Ever since the fall of FTX and SBF I have been very anxious about the future of EA and have been worrying about stagnation/collapse of EA. I have just been worrying that it will be impossible to get new EA members and that a lot of existing members will want to abandon it. I really love this community and therefore I do not want to see it collapse. Could anybody come up with some counterarguments to these anxieties? Like a kind of collaborative cognitive behavioral therapy? I don’t have any friends who are into EA, so this would really help me out. 


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Have a listen to Sam Harris's most recent podcast, and Matt Yglesias's Substack post about the FTX collapse. I think both of those takes expressed some level of distance and discomfort with EA as a whole. Sam Harris called it "cultish", and Matt Yglesias was also uneasy about various aspects of the community.

But both of them said that the appeal of EA's original motivating ideal remains very clear and strong, no matter how badly the community itself has generated problems. Specifically, trying to figure out how to do good more effectively using reason and evidence is a robustly good goal to aim for. I think the appeal of that goal is very wide, and will remain regardless of the reputation or health of the EA community.

I suspect the health of the community is really up to how we all respond to the present crisis in the coming months. If the community responds well, with humility and a readiness to learn a lesson, adjust, and pivot appropriately, that will increase the odds we're able to overcome the current crisis. If we don't learn from it, odds of survival are lower, and that would probably be for the best. I have an impulse to link to one of my favorite takes on what specifically the community needs to do to improve. But I think it's best I refrain, and focus on the meta-claim that it is critically important we do need to learn and be willing to make very radical pivots if we are to (a) survive and (b) deserve surviving.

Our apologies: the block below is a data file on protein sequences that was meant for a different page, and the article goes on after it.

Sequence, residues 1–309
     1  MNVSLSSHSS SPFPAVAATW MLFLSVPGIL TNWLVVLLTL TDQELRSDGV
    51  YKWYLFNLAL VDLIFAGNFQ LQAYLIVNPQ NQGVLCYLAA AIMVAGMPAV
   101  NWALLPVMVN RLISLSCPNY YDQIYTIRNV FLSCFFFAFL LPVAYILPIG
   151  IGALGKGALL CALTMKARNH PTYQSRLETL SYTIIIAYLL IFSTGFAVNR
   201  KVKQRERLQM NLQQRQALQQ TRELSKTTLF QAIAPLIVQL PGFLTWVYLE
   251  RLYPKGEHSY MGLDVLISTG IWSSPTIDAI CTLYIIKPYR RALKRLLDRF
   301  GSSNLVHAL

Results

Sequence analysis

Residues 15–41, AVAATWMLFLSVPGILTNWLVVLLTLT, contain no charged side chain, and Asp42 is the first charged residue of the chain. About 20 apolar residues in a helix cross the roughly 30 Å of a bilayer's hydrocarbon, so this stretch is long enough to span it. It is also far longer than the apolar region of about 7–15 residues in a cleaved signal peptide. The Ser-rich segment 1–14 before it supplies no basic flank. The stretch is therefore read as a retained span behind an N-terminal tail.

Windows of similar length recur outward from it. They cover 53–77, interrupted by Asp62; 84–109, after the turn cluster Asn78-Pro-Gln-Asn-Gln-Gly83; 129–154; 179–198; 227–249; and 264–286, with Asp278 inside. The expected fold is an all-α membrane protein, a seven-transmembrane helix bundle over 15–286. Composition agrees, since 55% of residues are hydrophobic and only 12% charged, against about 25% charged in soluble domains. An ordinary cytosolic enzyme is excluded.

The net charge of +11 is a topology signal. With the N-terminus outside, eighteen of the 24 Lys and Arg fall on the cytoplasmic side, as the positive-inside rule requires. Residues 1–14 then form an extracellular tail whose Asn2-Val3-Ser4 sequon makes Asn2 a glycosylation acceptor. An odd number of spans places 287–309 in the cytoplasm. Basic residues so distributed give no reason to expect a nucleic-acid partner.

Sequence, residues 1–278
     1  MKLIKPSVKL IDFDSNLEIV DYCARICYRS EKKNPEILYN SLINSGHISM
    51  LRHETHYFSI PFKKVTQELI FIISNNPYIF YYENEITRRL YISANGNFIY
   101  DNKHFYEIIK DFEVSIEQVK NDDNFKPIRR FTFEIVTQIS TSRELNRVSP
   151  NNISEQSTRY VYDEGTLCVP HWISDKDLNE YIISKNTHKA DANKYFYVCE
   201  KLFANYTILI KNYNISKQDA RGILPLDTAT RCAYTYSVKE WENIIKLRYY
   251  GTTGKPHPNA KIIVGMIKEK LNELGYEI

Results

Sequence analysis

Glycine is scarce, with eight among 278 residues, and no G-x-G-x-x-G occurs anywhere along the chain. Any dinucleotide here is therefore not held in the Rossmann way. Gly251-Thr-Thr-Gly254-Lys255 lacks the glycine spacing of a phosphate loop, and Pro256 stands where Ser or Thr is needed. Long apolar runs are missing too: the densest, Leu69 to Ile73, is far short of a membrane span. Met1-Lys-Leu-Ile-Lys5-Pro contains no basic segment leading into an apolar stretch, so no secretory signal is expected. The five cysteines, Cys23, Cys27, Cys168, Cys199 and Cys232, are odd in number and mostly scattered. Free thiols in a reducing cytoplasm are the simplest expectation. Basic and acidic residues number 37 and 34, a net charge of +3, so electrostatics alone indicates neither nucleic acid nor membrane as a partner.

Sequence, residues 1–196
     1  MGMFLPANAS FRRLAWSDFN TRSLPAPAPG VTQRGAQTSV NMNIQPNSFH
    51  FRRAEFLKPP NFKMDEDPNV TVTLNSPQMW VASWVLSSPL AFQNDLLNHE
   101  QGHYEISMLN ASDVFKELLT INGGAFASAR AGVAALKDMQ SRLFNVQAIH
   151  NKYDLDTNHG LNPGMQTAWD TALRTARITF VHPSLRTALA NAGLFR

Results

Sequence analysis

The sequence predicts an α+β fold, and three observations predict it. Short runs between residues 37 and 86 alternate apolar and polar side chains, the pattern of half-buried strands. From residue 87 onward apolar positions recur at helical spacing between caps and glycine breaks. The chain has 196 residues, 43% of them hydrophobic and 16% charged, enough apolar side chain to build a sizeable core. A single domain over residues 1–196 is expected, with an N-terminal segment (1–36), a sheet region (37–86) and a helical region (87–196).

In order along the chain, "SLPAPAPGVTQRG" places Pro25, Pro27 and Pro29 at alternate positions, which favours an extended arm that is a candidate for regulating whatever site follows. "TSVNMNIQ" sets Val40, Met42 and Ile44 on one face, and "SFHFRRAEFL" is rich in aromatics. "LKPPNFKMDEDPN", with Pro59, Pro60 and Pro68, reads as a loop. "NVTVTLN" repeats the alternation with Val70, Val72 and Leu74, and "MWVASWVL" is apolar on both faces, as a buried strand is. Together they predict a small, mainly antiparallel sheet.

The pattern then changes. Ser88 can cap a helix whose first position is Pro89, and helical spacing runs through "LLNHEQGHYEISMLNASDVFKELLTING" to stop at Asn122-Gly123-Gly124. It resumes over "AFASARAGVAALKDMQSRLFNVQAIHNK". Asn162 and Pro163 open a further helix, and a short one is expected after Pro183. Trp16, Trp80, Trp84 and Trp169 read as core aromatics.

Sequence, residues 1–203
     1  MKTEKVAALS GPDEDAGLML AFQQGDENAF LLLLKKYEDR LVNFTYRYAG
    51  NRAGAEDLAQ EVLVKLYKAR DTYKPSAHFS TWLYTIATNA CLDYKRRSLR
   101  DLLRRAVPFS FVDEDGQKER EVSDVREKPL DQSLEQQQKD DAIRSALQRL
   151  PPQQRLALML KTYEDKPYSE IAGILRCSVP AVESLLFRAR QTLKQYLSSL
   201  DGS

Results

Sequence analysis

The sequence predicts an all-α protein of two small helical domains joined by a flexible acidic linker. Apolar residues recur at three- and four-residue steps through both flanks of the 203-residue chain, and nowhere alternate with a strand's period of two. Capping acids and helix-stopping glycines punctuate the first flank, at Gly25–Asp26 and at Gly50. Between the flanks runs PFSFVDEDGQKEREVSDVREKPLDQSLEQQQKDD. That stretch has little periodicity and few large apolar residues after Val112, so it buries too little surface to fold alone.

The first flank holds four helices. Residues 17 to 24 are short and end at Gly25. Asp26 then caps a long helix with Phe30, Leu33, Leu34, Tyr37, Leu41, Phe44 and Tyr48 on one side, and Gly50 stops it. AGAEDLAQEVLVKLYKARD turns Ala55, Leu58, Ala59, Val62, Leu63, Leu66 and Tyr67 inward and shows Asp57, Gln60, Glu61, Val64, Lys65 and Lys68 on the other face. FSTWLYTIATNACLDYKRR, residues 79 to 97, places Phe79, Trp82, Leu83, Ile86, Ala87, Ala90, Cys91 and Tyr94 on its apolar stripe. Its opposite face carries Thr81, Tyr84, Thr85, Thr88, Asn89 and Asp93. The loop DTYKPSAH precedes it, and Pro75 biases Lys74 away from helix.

To get a bit more concrete, people will be more a bit more wary of the community, but I think that's probably healthy. Frankly, I think outsiders are blaming SBF specifically, and crypto generally, more than they are currently blaming EA, and if that continues, I don't think people will be unduly wary, and thus, I think if EA can take genuine steps to appropriately course-correct, it will retain its ability to attract new people to its causes. 

I am optimistic the community can learn. Several of EA's most prominent leaders pivoted over the last decade toward longtermist cause areas. We've gone from (in the early 2010s) focusing on funding charities that help people living now, to (in the mid 2010s) framing EA as somewhat equally divided between x-risk, global poverty, animal welfare, and meta-EA, and then (from the late 2010s to now) developing a primary focus on x-risk and longtermism. The evolution of EA over that time involved substantial changes at each step. I am not not saying whether I think they should pivot away from longtermism specifically as a reaction to the current crisis. But seeing the community and its leaders pivot over the last decade or so then gives me some hope they are able to do it again.

In summary I think the original ideal EA identified are highly attractive and likely to remain strong. The present cause areas and many of the more established institutions are also likely to remain funded and to make solid progress. I think the community does need to learn from the current crisis; if it does not, it might not recover, and might not deserve to recover. But the community has made changes in its focuses in the past, and that gives me hope we can do it again.

I wouldn't worry. Even on the most base level, there's still $400 mill per annum of Open Phil money up for grabs, so don't worry, I don't think the EA community is going anywhere in a hurry.

I have just been worrying that it will be impossible to get new EA members

I find this pretty reassuring:

While the majority of news about EA is negative right now, interestingly GWWC has had more trial members join halfway through November than the entirety of September and October and 10 times more than November last year.


I don't want to say all publicity is good publicity on balance or that we shouldn't learn from our mistakes, but I really do think people are generally a lot more worried about the future of EA right now than they should be.